Maybe you’ve heard that you are likely to become more and more like your ten closest friends? I think it’s true. So along those lines, seek out people with similar principles and priorities as yourself. Is family important to you? Then seek our people who model attractive family interactions. If you want to retire early by saving more than you spend, seek our frugal people who are happy with their current situation versus constantly striving for more.
2. Beware the media
I like marketing – I actually have a business degree with a concentration in marketing. I’ve never worked in the field, but I respect it’s original intent. In modern times though a lot of marketing has gotten out of hand. When was the last time you saw a car commercial that actually mentioned the cost of the car? Smaller numbers are more attractive so they tend to only mention monthly payments rather that what the car costs.
Marketing isn’t bad. Good marketing can convey a product’s benefits to people who would genuinely benefit from them – a win-win situation. But, sometimes we’re fully content with something in life until we see a marketing message. Then all of a sudden we feel like we’re behind the times, or missing out on something. People in commercials are always happy, so that “stuff” should make us happy, right? I honestly believe that if we weren’t exposed to new product advertising so aggressively through TV and the Internet, we’d likely be quite content with what we have.
When you are in need of something, seek out information to make an informed decision. But be wary of things that are marketed to you when you aren’t in need. It is easy to start believing that you do need something just because you saw it – or saw it a thousand times in different ways.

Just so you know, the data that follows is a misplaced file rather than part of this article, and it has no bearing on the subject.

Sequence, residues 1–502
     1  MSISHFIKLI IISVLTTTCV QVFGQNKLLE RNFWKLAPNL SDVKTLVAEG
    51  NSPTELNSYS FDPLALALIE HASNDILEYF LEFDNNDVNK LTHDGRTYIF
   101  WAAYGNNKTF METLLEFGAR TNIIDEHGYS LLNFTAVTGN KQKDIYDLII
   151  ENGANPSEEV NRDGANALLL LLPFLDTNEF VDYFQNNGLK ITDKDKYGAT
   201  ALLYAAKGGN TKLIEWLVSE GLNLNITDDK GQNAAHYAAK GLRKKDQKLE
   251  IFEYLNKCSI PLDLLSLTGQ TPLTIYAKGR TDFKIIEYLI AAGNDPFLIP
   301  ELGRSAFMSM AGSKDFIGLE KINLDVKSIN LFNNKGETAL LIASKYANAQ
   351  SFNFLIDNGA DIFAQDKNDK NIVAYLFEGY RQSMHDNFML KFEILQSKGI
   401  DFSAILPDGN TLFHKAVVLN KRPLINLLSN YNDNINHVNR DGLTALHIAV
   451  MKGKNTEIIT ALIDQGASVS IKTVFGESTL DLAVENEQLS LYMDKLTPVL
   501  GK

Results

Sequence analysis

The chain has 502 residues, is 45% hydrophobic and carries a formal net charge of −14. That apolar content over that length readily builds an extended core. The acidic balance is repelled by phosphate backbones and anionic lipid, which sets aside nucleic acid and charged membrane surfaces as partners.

3. Prioritize your budgeting
Far too many people avoid budgeting because they feel it is too restrictive and limits fun. All budgeting is though is an exercise in prioritization. A financial planner friend of mine actually calls it “ruthless prioritization”. The reality is that you have limited income – that’s the restriction. Budgeting is expressing your priorities by allocating amounts to the things that are important to you. Whatever it is that you feel can help you live the good life, those are the priorities.
Maybe you are spending $800/month at restaurants (which is easier to do than some people realize). We like dining out sometimes too! It’s nice to not have to cook and clean, and it is great personal time together. But if travel is a priority like it is for us, that item might limit options. Just cutting that one area back to $400/month adds almost $5,000 each year to the travel fund. You can do some nice vacations for $5k!
That’s just one example, and it may be totally off-base for you. Again, it’s about your personal priorities. It’s about how YOU define the good life. You tell your money where to go each month, so put it in writing and make sure it aligns with your goals.
Are you on FIRE?
There is a movement you may have heard of: FIRE. It stands for Financial Independence and Retire Early. People like Mr Money Mustache, who can afford whatever he wants, have shifted their priorities toward their good life goals versus material things. Some of the people in this movement are “too frugal” for me. But if it works with their priorities, then it is perfect for them.
Prioritization and adjustments can be made whether your income is $20k/year or $200k/year. People in both ranges face similar Diderot challenges. I really encourage you to spend some time on this topic. Call a family meeting and talk about it. Clarify priorities and write them down. Once defined, make adjustments as necessary. You CAN live the good life, without financial misery and without going broke.
What do you think about the Diderot Effect? Have you felt it’s pull? Have you seen it in action? Let us know in the comments below.